The second settings are more interesting, as they enable granular control for consent settings. They are located within the ‘Consent and permissions’ tab.
Here you have three different options for user consent:
- Do not allow user consent
- Allow user consent for apps from verified publishers, from selected permissions
- Allow user consent for apps
For option 2, you can configure which permissions a user can consent too in the ‘permission classifications’ tab. This is a great option if you want to allow users to use their AAD credentials to sign into third party applications, but require admin consent when that applications tries to read any data.
Admin Consent Requests
During Ignite, a new preview was announced that solves the issue I mentioned above. When a user cannot access an app, he is able to request that app to be unblocked.
To enable this workflow, go to Azure Active Directory – Enterprise Applications – User Settings and locate the Ádmin Consent Requests section.
In this section configure the following option:
- Turn on the Workflow
- Select the users that will handle these requests (only global, application or cloud administrators are eligible)
- Choose if the users will receive email notifications
- Choose if the users receive expiration reminders
- This will send the administrators an extra email when the request is about to expiry
- Configure the consent request expiry date
- Sets the time an administrator has for approving an application before the request expires.
I recommend to enable email notifications, because this will prevent the need for administrators to check this manually.
When a user comes across an application that he wants to use, he will receive the following banner:
The user can fill in a business justification for this application. After this, the request is sent to the administrators.
The administrator can view this request in two different ways:
- Going through the email the administrator has received:
- Navigating to the requests portal manually (Azure Active Directory – Enterprise Applications – Admin Consent Requests)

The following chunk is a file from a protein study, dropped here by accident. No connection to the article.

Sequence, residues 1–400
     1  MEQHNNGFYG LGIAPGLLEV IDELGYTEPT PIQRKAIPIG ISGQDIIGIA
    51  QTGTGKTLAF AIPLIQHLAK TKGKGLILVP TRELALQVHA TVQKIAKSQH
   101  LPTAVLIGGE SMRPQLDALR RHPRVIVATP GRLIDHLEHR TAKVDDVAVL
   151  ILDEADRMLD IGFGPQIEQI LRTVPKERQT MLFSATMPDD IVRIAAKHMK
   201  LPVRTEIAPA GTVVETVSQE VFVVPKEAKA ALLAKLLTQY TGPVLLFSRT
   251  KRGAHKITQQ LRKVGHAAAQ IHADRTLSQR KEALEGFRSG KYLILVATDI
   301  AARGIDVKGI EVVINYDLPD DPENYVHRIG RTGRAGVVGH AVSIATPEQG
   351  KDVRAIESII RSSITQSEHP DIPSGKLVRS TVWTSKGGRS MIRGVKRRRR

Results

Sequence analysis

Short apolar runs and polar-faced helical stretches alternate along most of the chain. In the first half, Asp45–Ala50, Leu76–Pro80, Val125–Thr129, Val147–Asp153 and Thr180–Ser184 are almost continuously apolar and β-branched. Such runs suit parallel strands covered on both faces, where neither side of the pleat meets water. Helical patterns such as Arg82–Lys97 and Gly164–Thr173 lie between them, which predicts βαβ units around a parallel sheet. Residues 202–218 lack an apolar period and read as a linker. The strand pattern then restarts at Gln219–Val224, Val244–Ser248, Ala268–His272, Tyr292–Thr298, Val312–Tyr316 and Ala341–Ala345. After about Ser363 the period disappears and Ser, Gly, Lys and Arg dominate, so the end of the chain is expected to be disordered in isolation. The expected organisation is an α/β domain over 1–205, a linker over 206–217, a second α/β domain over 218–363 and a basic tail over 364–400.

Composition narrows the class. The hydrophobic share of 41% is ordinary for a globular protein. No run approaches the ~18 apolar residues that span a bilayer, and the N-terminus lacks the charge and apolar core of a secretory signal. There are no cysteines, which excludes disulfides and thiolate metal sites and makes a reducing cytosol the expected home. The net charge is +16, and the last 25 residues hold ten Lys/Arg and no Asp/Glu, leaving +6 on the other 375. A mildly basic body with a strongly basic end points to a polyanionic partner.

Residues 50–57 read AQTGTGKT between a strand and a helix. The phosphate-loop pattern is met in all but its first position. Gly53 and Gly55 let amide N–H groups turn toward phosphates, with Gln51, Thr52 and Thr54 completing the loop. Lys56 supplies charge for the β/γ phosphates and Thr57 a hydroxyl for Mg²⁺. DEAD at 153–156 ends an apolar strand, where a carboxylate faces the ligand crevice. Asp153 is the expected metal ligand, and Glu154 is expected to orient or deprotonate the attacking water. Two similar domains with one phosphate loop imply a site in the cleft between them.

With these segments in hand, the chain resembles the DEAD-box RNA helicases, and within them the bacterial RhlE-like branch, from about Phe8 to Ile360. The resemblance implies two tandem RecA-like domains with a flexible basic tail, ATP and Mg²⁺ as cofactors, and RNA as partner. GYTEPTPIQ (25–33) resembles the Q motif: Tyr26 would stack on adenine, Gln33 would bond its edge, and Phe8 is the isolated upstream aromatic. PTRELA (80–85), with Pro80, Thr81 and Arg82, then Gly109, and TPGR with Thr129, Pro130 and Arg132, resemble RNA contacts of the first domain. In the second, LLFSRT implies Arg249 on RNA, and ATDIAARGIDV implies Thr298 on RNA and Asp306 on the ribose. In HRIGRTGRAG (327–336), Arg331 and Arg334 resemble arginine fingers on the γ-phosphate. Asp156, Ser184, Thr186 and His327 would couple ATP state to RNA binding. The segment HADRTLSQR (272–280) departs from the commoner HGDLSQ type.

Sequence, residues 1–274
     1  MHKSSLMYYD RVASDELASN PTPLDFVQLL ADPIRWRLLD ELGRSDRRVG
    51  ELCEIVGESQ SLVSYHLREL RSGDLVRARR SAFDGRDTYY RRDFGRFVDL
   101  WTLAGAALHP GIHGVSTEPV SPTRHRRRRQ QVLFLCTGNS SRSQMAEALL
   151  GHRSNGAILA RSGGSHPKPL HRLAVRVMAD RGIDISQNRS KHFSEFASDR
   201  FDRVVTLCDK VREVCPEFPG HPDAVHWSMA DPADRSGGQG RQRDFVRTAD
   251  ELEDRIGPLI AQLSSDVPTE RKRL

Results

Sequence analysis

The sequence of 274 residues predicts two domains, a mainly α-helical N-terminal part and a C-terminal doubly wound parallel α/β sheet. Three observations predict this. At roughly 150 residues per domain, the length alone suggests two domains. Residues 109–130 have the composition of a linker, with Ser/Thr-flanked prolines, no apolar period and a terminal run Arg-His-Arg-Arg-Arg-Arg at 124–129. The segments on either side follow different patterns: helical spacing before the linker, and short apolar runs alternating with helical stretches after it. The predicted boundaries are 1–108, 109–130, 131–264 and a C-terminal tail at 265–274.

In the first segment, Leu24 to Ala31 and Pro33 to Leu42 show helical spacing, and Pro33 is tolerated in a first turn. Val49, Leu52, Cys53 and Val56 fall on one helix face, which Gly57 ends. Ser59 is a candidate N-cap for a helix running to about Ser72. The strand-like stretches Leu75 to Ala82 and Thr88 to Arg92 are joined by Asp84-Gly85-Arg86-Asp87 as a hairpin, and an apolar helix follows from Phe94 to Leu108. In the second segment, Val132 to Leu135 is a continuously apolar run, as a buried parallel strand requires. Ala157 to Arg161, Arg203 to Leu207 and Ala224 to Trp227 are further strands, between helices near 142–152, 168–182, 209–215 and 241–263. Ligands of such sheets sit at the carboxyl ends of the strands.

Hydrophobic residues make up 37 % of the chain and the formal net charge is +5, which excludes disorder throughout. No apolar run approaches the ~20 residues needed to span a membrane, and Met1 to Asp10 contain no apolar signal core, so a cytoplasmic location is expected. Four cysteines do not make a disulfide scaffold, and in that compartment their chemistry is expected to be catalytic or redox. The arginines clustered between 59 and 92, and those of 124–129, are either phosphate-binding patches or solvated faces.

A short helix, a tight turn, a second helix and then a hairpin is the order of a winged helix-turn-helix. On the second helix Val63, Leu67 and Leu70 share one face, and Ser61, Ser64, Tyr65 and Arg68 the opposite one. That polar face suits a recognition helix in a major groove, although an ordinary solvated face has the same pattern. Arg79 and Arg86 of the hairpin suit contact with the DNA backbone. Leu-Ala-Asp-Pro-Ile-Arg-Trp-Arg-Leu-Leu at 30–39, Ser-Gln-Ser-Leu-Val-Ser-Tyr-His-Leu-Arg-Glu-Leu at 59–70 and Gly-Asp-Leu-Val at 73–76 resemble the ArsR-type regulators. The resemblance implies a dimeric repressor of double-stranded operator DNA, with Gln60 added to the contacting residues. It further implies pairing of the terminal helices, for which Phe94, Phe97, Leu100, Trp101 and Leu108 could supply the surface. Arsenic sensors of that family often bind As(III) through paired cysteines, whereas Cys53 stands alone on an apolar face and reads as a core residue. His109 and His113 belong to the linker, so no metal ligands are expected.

In this portal, the administrator can select an application and view details of the application:
Check which user has requested this application and what justification he was provided:
The administrator has three options:
If the admin chooses to review the permissions he will start the consent workflow and be able to accept the permissions:
When the app is approved, the user who requested this app will receive an email notification that the app is approved for use.
If you choose to block access, the application will be blocked for all users to sign into. The administrator is able to provide a reason:
The user will receive an email with the reason why the administrator has blocked this application.
If you check the app after this process, you will see it is disabled for user sign-in:
If you deny access to the application, the application will remain enabled in your tenant (if it was added before), but the extra permissions will not be granted.
This can be useful if you have an app that suddenly wants more permissions.
This admin consent request preview is a really useful feature and will help a lot of companies.
The only thing I am currently missing is Graph support for the requests. Currently only email notifications are supported, but with Graph support a lot of custom actions could be taken so companies can integrate this in their standardized approval flow.